Groningen Journal of International Law

International Law Under Construction


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Locating Human Rights in the Heart of the New ‘International Pandemic Law’: A Reply to Steve Charnovitz

Dr I-Ju Chen

The COVID pandemic has caused significant and evolving challenges to every nation in the world since it occurred in December 2019. It has resulted in, for example, export prohibitions and restrictions in international trade, cross-border sharing of scientific data for global health efforts, and has affected human rights. These unprecedented disruptions have required countries to navigate solutions for the pandemic, and further revealed gaps and challenges in international law. In the Opinio Juris Symposium entitled ‘COVID-19 and International Law’ held in March 2020, Professor Philippe Sands, a leading international law scholar, pointed out that ‘the birth and transmission of the Sars-Cov-2 virus, and the COVID-19 illness it generates, and the response to it – are matters for international law’. Moreover, the 2005 International Health Regulations have been criticised for their ambiguity in the COVID pandemic, according to Armin von Bogdandy and Pedro A Villarreal’s research. The function of this governing regulation has generated many discussions on how to reform international health law. The COVID pandemic is thus a matter for international law, and rule-of-law responses for the pandemic under international law are necessary.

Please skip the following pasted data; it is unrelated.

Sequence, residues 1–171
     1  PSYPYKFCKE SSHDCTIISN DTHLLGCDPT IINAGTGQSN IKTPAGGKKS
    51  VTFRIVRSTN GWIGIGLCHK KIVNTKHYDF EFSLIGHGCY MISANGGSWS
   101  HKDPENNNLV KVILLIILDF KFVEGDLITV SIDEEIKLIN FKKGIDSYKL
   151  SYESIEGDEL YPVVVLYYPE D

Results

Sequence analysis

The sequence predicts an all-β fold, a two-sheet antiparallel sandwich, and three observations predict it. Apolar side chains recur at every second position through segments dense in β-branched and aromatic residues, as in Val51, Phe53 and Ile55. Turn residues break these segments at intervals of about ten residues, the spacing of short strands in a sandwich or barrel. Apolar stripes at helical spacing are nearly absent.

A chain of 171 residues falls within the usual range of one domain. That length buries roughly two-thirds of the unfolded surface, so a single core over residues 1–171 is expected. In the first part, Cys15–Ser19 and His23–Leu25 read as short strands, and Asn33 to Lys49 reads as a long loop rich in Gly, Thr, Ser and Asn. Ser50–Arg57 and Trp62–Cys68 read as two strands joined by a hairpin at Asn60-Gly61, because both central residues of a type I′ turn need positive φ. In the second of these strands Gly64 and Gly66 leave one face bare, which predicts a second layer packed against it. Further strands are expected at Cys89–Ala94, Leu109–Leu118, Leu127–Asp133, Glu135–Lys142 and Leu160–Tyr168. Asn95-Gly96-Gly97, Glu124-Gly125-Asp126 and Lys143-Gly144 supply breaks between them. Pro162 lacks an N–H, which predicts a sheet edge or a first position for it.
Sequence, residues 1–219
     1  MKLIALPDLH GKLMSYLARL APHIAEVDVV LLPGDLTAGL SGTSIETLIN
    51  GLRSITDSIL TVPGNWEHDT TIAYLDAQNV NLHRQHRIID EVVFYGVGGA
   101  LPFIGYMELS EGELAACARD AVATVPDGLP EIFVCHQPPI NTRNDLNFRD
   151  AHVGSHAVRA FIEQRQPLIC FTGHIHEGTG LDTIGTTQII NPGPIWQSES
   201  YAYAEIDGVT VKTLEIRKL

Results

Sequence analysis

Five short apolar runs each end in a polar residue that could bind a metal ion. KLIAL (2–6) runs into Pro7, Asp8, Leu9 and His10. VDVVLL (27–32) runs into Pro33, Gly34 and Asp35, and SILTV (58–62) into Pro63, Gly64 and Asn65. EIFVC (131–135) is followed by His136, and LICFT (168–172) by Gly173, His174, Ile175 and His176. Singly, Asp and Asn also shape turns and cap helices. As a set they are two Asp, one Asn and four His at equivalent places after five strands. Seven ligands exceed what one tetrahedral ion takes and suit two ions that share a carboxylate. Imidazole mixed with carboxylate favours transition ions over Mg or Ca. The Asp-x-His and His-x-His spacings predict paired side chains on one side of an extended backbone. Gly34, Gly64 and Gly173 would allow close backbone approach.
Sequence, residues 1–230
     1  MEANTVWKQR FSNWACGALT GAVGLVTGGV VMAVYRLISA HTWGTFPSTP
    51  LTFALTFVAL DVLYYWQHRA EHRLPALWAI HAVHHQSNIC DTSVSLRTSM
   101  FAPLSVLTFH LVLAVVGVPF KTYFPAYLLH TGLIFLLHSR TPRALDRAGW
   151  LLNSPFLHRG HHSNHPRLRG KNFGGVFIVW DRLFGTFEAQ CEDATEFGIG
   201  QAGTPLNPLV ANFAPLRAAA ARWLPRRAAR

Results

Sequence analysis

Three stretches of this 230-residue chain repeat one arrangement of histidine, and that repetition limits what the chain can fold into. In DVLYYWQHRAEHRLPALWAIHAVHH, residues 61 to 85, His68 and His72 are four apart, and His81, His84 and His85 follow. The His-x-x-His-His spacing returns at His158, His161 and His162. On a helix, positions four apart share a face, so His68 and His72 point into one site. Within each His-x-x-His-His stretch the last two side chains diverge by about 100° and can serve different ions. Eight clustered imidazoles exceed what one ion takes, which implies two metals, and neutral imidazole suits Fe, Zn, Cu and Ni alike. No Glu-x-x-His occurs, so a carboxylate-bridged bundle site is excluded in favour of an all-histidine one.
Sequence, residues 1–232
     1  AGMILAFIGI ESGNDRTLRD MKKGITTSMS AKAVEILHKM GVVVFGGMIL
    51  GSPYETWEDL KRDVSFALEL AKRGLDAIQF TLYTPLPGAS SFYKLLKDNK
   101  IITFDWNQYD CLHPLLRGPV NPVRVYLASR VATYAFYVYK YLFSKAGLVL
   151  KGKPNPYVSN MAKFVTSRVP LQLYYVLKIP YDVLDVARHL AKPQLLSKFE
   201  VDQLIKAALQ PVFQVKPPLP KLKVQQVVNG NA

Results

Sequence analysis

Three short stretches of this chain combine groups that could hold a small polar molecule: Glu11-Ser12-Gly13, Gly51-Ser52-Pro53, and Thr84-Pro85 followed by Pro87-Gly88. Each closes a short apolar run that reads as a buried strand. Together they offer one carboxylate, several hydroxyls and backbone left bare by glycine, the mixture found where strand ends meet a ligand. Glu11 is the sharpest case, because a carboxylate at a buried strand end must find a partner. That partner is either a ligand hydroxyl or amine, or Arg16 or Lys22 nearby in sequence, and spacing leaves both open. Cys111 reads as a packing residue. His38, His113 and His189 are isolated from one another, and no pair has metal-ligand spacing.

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Grand Challenges for Global Health Law: from Ebola, to Cancer and Diabetes

By Brigit Toebes, University of Groningenb.c.a.toebes@rug.nl

In 2014, the largest and by far most serious outbreak of Ebola since the virus was first detected in 1976 occurred. With an overall death toll of 11.300, there were more cases and deaths in this outbreak than in all others combined. The disease quickly spread between countries, starting in Guinea and then spreading to Sierra Leone and Liberia.

The International Health Regulations, adopted by the World Health Organization (WHO) in 2005 to monitor such outbreaks, provide for a chain of responses requiring the country where the outbreak occurs to report to the WHO and the WHO to respond and to interfere. However, while the affected States were slow to report to the WHO, the WHO waited five months before it declared the epidemic a ‘public health emergency of international concern’. Consequently, the UN Security Council interfered with the adoption of UNMEER, the first UN emergency health mission. The Ebola outbreak reveals that the WHO, the primary organization to manage global health, is ill-equipped to deal with a global health security crisis. The International Health Regulations lack an enforcement mechanism and do not provide for the possibility to sanction States in case of non-compliance. The WHO itself lacks the financial means and the capacity to be the key player when a health emergency that potentially poses a threat to global health occurs. Continue reading